The announcement by the Alward Conservatives that they will be taking away a promised raise for the lowest paid workers in the province should be a sign to New Brunswickers that this will not be a government constrained by basic concepts of honesty, fair play or compassion.
With any new government, people rightly want to give them the benefit of the doubt. The first few times that campaign promises were broken, people frequently chose to believe that commitments would be delayed while government learned the ropes or evaluated its options. Even when the Alward Conservatives delayed a promised boost in health benefits for people working but stuck in poverty, and vision care for their children, folks like me who worked passionately for the poverty reduction plan were somewhat muted in our concern.
After all, David Alward sat right in the room, along side dozens of citizens, including people living in poverty who told all of us politicians how much they were counting on us to justify their faith in the process and keep our word. He looked those people in the eye, the moms and dads who put aside their fear and skepticism to sit next to political and business leaders and tell us what it was like to struggle to escape poverty, he told them that he would keep his word. He heard what I heard, that people living in poverty who came had told so many people that they weren't crazy to believe things could change, and he saw the tears that were shed by people who were desperate to believe that their stories had really led to change, to a little bit of a better deal for the families who live in poverty.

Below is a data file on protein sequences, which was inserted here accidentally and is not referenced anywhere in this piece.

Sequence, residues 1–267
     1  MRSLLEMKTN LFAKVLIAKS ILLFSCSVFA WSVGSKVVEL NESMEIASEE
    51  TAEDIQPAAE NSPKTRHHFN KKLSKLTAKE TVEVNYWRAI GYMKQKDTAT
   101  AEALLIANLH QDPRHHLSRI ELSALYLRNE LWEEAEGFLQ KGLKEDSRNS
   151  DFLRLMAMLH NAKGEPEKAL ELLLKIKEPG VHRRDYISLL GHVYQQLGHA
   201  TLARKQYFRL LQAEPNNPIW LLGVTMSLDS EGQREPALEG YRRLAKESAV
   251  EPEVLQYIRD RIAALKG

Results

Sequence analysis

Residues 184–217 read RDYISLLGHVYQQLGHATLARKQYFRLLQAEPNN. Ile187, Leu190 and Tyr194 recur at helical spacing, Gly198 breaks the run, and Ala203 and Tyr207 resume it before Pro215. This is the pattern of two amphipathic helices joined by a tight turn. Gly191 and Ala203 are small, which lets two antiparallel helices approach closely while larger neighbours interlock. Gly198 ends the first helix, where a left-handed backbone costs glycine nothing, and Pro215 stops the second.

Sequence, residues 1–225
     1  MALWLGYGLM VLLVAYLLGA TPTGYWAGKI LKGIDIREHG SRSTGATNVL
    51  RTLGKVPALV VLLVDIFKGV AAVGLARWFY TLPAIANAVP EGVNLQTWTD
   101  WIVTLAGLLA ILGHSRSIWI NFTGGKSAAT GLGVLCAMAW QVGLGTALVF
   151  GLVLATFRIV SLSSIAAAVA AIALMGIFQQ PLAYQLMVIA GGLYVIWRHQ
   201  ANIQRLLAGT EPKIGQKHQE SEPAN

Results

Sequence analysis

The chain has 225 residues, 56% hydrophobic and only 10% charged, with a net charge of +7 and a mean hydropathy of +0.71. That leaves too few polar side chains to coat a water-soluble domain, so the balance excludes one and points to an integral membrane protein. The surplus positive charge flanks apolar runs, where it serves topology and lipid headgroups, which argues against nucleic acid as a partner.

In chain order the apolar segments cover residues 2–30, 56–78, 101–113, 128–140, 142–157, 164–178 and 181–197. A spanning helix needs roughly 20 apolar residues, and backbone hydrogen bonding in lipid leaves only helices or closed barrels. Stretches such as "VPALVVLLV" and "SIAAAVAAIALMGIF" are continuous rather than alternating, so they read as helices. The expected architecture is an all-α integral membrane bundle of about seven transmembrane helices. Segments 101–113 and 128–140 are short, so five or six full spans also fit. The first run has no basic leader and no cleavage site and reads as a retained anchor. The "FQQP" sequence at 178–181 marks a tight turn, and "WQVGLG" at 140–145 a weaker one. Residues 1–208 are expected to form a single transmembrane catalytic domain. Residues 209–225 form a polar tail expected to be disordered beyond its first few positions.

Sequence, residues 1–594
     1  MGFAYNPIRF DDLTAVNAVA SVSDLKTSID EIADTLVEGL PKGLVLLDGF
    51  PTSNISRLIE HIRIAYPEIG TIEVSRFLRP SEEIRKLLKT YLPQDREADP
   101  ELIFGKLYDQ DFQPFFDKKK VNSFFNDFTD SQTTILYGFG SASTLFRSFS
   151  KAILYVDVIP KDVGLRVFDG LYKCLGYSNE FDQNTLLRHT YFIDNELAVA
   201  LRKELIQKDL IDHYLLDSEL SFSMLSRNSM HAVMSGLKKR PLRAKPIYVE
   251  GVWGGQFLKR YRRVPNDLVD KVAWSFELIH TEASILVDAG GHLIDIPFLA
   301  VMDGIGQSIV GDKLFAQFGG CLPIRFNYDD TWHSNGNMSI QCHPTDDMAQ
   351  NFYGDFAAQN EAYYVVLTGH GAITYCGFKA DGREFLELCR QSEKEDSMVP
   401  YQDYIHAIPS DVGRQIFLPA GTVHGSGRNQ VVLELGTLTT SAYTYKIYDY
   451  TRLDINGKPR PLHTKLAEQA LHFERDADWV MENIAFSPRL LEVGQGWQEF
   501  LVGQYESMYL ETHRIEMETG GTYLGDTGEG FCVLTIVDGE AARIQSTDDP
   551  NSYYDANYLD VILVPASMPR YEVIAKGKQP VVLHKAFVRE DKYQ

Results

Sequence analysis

And he signed the covenant on poverty, and he told the media and the people who had worked on the plan that this was a plan beyond politics, and he would deliver.
Today, I'd ask all those who have downplayed the other broken promises, who have tried to describe them as politics as usual or the result of a tough job, what excuse can there be for Mr. Alward breaking this promise to some of the most vulnerable people who counted upon the most powerful politician in the province to have their back?